In addition, with the template you can easily see each of the three components weighted by impressions.
Metrics indirectly related to Quality Score
The main idea behind Quality Score is not to manage an account and ads to optimize them for better QS, but rather to use this metric as a diagnostic tool. Quality Score is indirectly related to CPA and ROAS among other metrics, which altogether reflect the “health” of your account.
As mentioned earlier, Quality Score affects how much you pay per click. Johnathan Dane from KlientBoost went further and described how impactful Quality Score is on other metrics:
Thus, the higher your Quality Score is, the easier it is to have a lower CPC and consequently a lower CPA. “However you should be extremely careful” — Jonathan continues — “Quality Score is not a key performance indicator. Cost per conversion and conversion rates are.”
Quality Score reflects the performance of your ads. However, it does not reflect the post-click experience or the final results of your marketing efforts. Conversion rates, Cost per Conversion and ROAS are a better reflection of your results.
Also, an excellent Quality Score does not necessarily mean that your cost per action becomes lower. For example, you have a great ad that receives a high Quality Score and gets top Ad Rank after many auctions. The visitor enters the landing page, which loads fast and contains all the relevant information about the product. The visitor is content and starts making a purchase. However the process of purchasing becomes difficult due to poor user flow. The visitor decides not to make a purchase after all, and quits the website. After that happens to many of your visitors, your CPA increases.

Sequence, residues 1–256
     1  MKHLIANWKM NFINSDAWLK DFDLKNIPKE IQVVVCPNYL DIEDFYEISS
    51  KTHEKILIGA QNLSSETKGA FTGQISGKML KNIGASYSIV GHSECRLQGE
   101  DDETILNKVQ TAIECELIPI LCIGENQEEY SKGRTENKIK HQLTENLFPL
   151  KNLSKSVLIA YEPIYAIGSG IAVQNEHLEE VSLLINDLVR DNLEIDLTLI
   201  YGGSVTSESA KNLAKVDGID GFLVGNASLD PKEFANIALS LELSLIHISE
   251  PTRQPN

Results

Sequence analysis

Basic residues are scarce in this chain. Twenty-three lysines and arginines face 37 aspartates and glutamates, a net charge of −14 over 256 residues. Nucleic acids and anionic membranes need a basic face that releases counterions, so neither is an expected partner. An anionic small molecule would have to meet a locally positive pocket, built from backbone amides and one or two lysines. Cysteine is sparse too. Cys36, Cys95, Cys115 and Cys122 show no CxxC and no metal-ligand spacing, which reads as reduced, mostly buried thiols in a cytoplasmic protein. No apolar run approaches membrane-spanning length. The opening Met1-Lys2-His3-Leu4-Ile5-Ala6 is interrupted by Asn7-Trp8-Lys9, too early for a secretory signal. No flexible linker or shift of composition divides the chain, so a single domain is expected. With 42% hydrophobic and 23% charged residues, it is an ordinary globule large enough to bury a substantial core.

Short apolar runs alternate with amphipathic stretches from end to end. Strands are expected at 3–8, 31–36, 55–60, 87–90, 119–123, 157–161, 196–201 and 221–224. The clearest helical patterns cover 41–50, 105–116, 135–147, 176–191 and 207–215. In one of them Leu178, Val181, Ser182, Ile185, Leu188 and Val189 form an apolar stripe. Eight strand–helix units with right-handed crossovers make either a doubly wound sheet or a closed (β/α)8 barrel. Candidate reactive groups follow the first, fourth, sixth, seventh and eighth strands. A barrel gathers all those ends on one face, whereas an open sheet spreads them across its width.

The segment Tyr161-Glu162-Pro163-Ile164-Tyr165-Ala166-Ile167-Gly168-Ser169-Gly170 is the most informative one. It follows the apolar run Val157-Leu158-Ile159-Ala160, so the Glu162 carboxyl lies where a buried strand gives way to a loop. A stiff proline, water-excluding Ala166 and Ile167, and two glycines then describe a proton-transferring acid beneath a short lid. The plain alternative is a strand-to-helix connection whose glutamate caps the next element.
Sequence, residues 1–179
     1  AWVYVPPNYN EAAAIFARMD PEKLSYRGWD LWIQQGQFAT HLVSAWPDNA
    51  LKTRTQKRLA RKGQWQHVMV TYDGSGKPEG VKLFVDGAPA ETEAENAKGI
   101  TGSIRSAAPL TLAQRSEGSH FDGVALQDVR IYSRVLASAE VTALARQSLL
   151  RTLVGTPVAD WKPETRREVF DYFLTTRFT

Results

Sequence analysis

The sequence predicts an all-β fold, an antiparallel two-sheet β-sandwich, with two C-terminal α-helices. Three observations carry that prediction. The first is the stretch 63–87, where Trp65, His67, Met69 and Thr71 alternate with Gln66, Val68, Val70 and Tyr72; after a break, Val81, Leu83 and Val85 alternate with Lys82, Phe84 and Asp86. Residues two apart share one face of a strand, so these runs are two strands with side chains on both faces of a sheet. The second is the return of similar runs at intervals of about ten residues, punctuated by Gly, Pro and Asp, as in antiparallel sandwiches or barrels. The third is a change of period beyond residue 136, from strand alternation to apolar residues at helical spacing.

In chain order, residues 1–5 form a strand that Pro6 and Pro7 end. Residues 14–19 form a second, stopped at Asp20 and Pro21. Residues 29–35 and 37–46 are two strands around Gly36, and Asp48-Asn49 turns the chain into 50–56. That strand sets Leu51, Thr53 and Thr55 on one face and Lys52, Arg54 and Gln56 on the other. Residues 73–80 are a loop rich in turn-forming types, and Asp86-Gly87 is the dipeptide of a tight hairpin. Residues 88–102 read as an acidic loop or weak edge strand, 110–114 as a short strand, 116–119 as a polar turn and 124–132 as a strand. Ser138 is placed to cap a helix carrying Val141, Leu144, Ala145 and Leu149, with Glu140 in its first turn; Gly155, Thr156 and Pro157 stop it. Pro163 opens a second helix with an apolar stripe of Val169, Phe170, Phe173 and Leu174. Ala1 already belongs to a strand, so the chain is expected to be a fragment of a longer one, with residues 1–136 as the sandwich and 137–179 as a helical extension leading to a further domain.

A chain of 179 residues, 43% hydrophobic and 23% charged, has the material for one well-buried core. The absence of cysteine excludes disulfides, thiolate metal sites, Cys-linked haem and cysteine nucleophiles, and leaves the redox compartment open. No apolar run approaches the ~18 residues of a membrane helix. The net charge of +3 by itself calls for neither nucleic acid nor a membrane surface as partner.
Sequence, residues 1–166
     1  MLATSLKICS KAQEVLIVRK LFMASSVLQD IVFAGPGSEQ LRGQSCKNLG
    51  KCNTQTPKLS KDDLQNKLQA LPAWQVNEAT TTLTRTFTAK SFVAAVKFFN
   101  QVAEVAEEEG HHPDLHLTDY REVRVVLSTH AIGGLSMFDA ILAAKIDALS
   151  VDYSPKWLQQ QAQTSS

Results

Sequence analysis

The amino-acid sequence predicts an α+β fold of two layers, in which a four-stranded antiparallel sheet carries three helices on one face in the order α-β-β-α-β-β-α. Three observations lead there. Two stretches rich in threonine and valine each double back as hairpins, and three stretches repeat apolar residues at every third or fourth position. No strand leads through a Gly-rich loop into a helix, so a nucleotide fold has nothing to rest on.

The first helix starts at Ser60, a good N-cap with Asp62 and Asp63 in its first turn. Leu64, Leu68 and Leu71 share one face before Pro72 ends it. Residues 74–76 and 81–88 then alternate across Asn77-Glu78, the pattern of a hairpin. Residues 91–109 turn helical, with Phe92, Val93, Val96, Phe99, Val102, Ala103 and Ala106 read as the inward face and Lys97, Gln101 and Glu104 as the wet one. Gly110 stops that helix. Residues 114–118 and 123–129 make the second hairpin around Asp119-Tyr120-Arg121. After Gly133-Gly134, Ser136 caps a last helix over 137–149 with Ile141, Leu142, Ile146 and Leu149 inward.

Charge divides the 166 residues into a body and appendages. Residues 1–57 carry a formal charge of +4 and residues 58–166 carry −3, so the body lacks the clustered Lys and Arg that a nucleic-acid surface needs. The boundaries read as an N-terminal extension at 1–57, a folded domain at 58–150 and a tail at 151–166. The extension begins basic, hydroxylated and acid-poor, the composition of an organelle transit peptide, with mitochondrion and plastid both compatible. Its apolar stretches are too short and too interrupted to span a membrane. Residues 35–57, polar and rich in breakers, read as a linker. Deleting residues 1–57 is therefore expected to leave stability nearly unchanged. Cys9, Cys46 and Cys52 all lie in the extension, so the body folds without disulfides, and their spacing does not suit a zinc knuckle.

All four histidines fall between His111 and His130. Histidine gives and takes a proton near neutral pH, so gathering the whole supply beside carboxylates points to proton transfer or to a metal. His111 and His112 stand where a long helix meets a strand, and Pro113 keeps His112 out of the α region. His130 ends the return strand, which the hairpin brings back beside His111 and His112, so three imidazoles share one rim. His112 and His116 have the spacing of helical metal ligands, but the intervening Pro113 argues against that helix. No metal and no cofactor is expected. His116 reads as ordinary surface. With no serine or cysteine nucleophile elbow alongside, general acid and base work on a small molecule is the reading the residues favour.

That is to say, not only is it important to get high QS, it’s equally crucial to make sure the post-click user experience is great and leads to many conversions.
Key takeaway: It is important to remember that Quality Score reflects the only quality of each ad and always analyze Quality Score together with other metrics to get a better understanding of whether your marketing efforts lead to success.
Supermetrics’ Historical QS Template — what is in it and how to use it
In order to make Quality Score analytics easier for you, we’ve put together a nice reporting template, which allows you to:
- Track how your QS has changed over time for each particular campaign and immediately see campaigns that have low QS and require attention.
- See Quality Score, weighted by Clicks, Impressions and Cost metrics
- See the scores of Expected CTR, Ad Relevance and Landing Page Experience, each weighted by Impressions
- Compare QS with metrics, such as CTR, CPC, Average Position, and others
- Set up automatic refresh and alerts for monitoring your QS
The template also offers a powerful query builder to analyze your QS in different granularities and answers various questions on QS. The query builder helps you:
- Monitor each keyword’s’ quality score along with other metrics (CPC, Conversion Rate, Cost and many more)
- See what keywords have high/low traffic and high/low QS to decide whether you should get rid of those keywords or keep them or change them.
- Filter keywords and their matchtype by campaign to easily locate them in your account.
All you need to do to start using the template is to Install the Supermetrics Add-on , and add the template from the Add-on’s Template Gallery!
I’ve got QS analyzed. What next?
After you have analyzed Quality Score, each of its’ components, other metrics and identified your areas for improvement, it is time to start working with them! You can run experiments to see if your metrics are improving, and monitor the results to compare with the old data. I have put together a list of useful resources to help you get started:
Profit With AdWords: 3 Steps to a High Quality Score by Neil Patel
Improving Quality Score: the Value of Being More Relevant whitepaper by Wordstream
Useful articles on how to improve Ad Relevance (Creative QS):
Keyword matchtype and negative keywords:
Match Types & Quality Score — The Truth At Last by Acquisio
Keyword grouping in the campaign:
Useful articles on how to improve Landing Page Experience:
Useful articles on how to improve Expected CTR:
2 Little Known Ways To Increasing CTR And Quality Score by Certified Knowledge
In this blogpost we digged into the topic of Quality Score a bit deeper and saw that it is a very useful metric, that reflects the performance of your ads. QS provides great insights when broken down into components and analyzed together with other metrics. I hope you learned more about Quality Score from this article, and I will be happy to hear your thoughts on QS reporting in the comments!